“Even as the waves heave and roll (to especially fearsome effect in stereo 3D), the film finds room for isolated moments of haunting poetry, such as the sight of the ship’s ghostly white lights descending into the abyss,” writes Justin Chang in Variety.
A poetic abyss extended with stereo 3D and created with computer graphics.
“It’s a very artistic movie,” says Westenhofer. “The first day back after principal photography, Ang [Lee] said, ‘I’m looking forward to making art with you.’”
The resulting visual effects included digital ocean extensions, digital skies, the ship sinking in the storm, a second storm, four major CG animals, sea life, meerkats, matte paintings, and set extensions—all told, 690 visual effects shots in the film. But, that number doesn’t tell the whole story.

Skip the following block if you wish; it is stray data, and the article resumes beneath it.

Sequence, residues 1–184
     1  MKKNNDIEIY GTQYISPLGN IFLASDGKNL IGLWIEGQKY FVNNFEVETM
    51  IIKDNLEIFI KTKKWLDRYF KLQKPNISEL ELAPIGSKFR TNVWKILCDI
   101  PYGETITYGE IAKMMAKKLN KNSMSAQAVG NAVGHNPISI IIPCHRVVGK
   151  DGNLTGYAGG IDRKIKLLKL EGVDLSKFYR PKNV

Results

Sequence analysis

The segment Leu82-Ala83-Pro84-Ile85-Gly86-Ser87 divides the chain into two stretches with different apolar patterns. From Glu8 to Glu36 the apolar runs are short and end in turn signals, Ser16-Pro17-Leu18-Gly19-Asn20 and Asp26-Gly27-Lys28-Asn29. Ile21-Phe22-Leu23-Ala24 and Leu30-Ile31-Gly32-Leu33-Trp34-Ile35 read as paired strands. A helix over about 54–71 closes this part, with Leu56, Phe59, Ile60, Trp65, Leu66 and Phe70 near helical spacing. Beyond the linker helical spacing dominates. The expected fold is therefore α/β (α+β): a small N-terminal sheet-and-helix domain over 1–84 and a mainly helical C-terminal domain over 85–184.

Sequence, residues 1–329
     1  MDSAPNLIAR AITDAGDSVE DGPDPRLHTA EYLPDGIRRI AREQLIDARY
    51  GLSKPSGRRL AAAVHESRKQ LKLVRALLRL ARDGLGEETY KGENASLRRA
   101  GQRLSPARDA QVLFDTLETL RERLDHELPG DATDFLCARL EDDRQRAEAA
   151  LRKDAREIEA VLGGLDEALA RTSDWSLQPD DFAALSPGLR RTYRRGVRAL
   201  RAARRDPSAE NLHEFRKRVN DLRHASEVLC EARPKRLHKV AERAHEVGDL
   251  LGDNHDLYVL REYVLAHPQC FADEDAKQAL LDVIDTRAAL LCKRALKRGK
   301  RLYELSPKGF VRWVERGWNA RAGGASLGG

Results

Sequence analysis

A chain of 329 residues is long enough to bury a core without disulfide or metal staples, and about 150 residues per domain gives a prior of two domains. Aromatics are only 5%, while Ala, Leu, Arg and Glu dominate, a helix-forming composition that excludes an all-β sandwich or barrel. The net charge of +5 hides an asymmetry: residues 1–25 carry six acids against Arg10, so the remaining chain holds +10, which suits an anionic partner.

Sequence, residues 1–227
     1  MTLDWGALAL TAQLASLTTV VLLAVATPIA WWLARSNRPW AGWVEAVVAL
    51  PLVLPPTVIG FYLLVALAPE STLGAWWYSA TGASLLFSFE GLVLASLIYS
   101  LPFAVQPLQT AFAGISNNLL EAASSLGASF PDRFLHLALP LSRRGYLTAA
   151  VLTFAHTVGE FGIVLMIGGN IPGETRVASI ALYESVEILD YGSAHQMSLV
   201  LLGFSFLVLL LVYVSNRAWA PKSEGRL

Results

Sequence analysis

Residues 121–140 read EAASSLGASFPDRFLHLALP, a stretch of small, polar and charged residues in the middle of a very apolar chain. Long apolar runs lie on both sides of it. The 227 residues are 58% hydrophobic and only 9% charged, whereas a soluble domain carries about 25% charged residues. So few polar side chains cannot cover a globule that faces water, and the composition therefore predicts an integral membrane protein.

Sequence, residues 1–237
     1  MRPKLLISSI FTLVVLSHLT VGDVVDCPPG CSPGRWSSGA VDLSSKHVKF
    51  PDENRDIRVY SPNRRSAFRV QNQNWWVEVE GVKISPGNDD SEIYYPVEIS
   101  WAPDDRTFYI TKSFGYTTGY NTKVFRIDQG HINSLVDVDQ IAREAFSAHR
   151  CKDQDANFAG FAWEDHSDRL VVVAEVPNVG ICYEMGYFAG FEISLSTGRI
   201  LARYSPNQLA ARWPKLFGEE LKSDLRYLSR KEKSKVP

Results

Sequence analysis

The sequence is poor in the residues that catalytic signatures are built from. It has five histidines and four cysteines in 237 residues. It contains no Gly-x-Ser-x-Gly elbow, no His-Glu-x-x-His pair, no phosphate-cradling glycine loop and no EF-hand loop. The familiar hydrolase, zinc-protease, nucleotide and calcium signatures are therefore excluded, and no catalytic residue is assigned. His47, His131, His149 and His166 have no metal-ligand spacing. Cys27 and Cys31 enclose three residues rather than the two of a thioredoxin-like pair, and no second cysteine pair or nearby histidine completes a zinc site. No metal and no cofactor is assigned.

After the storm, Pi finds himself in a lifeboat with a Bengal tiger named Richard Parker, a spotted hyena, a zebra with a broken leg, and an orangutan. Soon, only Pi and Richard Parker are left, and despite the human name, the tiger is a beast.
“Three-fifths of the movie is on the ocean with Pi smack dab on the surface of the water, and we knew immediately that we couldn’t shoot a 3D movie on the open ocean,” Westenhofer says. “Ang Lee embraced stereo 3D, and in order to feel the stereo and get the look he wanted, he preferred long shots that allowed you to breathe. There are more shots with 2000 frames in this film than any other in my career; only 960 shots in the entire movie. We have an hour and 29 minutes of visual effects.”